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How Long It Takes to Find a Needle in a Haystack

The phrase “like finding a needle in a haystack” is a metaphor — sometimes, the thing we’re in search of is going to be so hard to find, it’s functionally impossible to do so. Literally, though, one rarely worries about needles in haystacks. (Unless you’re a cow).

If one were to lose an actual needle in an actual haystack, you’d probably just let it go. Not only is there not much of a practical reward, but there’s also no glory!

Despite the long odds, a headline “Man Finds Needle in Haystack” would hardly be front-page news, and may not be newsworthy at all. And yet, that’s the headline of a November 2014 article published by Modern Farmer.

A guy searched through a haystack for a lone needle and successfully found what he was looking for!

Our intrepid needle-needer is named Sven Sachsalber, above. He’s not a farmer nor a knitter (as far as we know) nor anyone else who, normally, would need either hay or needles. He’s a performance artist.

Sachsalber’s career, like that of most artists, is marked by eccentricities most of us wouldn’t take the time to delve into. The Italian artist “is known for playful conceptual art, like sitting in a tree and sawing it apart while still in it, or filming himself eating poisonous mushrooms in the woods.” (I recommend doing neither). In this case, though, he decided to do something a bit less risky. 

For two days, Palais de Tokyo, a Paris art gallery, hosted Sachsalber and a huge pile of hay — and one needle. The hay was acquired by the gallery on the artist’s behalf (and paid for by the gallery).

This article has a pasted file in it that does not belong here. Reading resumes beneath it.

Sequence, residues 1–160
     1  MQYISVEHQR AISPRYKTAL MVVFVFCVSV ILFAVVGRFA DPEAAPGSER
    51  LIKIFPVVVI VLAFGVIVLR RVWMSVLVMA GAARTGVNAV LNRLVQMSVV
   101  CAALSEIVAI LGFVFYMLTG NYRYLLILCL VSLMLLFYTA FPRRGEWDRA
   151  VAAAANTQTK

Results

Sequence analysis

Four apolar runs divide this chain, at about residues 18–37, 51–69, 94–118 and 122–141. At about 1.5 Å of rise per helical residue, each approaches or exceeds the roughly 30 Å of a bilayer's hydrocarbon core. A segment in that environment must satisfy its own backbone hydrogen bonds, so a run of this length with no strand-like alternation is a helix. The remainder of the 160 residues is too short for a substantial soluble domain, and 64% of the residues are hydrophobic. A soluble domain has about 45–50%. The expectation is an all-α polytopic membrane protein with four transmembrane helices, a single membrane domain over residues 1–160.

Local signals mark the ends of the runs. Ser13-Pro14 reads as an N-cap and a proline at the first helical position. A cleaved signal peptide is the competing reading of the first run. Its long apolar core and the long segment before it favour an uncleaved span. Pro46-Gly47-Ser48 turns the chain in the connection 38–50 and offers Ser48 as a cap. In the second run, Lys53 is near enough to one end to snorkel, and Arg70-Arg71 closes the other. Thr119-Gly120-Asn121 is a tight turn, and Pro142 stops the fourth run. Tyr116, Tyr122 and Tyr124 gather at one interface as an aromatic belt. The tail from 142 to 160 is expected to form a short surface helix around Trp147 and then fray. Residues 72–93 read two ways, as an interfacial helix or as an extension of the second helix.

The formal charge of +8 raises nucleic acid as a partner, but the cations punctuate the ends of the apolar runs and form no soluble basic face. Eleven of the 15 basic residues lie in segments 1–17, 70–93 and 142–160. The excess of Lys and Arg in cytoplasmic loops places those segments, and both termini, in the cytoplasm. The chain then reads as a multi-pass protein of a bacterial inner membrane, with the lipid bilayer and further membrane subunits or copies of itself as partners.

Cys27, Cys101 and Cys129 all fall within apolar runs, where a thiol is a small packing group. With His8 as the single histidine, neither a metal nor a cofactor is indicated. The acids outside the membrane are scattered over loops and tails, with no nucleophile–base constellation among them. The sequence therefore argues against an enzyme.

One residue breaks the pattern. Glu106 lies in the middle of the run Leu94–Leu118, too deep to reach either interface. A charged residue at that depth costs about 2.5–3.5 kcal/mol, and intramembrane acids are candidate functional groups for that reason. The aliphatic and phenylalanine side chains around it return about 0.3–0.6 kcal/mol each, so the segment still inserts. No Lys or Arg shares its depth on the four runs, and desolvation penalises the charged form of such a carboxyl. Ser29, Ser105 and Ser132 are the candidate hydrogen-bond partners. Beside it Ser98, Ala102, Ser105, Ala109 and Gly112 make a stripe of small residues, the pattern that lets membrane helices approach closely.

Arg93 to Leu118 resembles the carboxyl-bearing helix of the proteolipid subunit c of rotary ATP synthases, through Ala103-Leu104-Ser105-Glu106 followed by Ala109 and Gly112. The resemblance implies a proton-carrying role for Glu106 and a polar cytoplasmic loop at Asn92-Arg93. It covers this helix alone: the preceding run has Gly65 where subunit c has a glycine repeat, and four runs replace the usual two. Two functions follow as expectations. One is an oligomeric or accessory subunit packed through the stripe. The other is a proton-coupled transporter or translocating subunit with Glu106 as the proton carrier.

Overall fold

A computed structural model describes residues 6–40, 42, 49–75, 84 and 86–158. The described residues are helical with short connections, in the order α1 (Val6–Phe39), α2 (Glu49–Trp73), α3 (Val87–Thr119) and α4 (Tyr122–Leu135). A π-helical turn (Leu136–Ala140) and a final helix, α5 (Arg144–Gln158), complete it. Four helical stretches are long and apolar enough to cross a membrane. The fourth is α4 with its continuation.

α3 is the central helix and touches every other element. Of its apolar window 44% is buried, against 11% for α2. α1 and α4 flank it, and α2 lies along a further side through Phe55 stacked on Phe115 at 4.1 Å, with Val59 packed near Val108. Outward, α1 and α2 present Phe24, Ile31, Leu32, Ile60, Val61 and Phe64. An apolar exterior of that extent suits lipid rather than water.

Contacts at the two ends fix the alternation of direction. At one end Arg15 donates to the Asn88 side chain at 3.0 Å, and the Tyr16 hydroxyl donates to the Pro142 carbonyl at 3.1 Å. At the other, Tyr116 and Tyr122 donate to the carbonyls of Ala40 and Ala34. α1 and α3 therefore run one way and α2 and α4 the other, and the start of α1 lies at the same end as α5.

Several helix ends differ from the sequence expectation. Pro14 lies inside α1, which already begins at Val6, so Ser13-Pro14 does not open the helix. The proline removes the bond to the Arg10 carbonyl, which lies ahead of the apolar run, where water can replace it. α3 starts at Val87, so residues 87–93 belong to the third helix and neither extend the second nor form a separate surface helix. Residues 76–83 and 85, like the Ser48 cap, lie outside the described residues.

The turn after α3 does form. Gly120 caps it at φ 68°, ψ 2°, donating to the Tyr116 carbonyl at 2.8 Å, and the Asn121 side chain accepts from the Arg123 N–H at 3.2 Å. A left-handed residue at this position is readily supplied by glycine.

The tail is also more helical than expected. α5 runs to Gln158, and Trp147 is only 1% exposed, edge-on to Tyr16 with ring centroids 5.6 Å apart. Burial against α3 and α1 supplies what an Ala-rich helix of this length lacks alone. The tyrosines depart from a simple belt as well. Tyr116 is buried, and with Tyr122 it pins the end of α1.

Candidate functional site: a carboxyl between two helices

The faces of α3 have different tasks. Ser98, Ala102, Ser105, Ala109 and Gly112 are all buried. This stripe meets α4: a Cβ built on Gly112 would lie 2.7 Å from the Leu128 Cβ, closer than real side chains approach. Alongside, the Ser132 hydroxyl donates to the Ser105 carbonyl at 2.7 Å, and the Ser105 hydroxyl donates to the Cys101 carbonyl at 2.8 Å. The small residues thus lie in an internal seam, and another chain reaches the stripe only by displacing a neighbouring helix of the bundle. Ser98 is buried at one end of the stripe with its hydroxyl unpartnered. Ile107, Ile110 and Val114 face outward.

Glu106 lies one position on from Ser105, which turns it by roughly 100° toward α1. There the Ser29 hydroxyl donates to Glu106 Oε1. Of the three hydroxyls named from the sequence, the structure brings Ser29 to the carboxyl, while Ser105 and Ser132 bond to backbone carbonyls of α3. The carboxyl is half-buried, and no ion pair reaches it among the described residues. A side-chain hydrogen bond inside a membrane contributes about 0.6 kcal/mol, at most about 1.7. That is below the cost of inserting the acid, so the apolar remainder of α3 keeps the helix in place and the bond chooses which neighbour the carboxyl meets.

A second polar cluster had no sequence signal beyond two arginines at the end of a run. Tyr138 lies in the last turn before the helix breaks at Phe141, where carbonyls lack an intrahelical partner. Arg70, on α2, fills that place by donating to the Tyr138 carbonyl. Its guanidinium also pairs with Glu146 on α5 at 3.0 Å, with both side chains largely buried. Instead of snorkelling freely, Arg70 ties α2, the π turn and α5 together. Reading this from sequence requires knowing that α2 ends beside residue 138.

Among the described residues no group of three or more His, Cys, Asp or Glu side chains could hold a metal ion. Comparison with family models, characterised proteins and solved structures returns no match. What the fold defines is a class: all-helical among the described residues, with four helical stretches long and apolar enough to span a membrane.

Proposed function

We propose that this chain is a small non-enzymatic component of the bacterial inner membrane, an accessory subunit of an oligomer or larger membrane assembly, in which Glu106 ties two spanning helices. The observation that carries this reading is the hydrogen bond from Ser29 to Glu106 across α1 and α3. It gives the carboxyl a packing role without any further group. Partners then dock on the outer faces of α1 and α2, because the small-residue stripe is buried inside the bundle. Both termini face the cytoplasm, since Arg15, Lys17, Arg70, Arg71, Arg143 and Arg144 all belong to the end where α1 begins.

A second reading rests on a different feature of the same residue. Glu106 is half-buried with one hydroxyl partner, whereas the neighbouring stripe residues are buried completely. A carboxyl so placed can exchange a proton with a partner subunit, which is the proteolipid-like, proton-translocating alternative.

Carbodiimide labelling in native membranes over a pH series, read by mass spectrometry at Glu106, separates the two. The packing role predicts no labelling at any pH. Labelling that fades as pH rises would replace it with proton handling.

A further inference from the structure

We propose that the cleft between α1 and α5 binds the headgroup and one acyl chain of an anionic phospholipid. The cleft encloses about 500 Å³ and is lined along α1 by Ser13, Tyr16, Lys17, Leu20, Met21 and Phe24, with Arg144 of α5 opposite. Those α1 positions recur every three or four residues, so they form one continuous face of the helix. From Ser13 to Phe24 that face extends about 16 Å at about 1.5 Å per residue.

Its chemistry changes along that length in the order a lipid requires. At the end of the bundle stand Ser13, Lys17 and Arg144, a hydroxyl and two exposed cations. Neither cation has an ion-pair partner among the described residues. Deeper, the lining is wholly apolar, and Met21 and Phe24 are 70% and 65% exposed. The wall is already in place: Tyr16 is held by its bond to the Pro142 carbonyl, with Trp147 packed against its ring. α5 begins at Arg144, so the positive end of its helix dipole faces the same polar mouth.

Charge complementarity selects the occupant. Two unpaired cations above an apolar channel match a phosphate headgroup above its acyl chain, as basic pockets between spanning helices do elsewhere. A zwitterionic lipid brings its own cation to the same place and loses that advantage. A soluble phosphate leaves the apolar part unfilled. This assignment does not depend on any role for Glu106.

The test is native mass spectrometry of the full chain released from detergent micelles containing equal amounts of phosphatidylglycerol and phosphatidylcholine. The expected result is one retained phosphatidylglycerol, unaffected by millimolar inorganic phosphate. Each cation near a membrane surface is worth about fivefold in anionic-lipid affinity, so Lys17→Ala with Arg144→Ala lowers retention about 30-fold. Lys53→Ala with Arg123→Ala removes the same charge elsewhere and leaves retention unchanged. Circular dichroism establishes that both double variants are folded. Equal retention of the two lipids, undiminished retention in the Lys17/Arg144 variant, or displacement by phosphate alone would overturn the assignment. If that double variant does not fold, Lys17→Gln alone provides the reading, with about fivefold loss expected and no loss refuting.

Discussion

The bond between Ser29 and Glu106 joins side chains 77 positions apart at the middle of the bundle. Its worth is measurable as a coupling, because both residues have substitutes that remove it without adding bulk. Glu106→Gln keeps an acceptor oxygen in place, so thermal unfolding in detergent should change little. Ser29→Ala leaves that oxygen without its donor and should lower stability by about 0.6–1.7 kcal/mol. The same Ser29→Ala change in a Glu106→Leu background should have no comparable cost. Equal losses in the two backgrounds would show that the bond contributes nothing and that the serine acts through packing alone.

The museum’s curator, before Sachsalber arrived, hid the lone needle somewhere in the haystack.

Then, Sachsalber got to work. For twelve hours a day, he did nothing but look for that needle. Modern Farmer explained his process: “take a handful of hay, not too large a handful, fold it a couple times and bend it, and, theoretically, if the non-pliable needle was in that handful, he’d feel it.” Assuming the needle wasn’t in that handful, he would cast it aside and repeat the process.

Makes sense — if you’re interested in doing such a thing. And Sachsalber was, clearly, interested in this effort. He explained why to the Independent (UK), albeit begrudgingly:

The Independent spoke to Mr. Sachsalber as he, un-smilingly and with a look of cosmic boredom, sifted hay from a large pile into a smaller pile…

[ . . . ]

“Why is this art?” your correspondent asked.”

“Erm, because I’m taking an everyday expression and enacting it… my art is about ordinary things… look, please I don’t want to be rude, but I don’t like to talk when I’m working.”

As the project could take forever — figuratively — Sachsalber put a time limit on the endeavor. If he didn’t find the needle within 24 hours — twelve a day for two days — he’d give up. But while he was searching, people were welcome to watch. And viewers didn’t have to swing by the gallery to view this incredibly mundane performance; a French TV channel was covering it live, so you could tune in if you wished (and lived locally). And yes, that means some of the efforts are captured for posterity and available on YouTube. If you want to spend six hours watching him search, you can do so here.

Sachsalber actually found the needle midway through the second day, a moment acknowledged by Palais de Tokyo on its Twitter account.

The total elapsed time? About 18 hours

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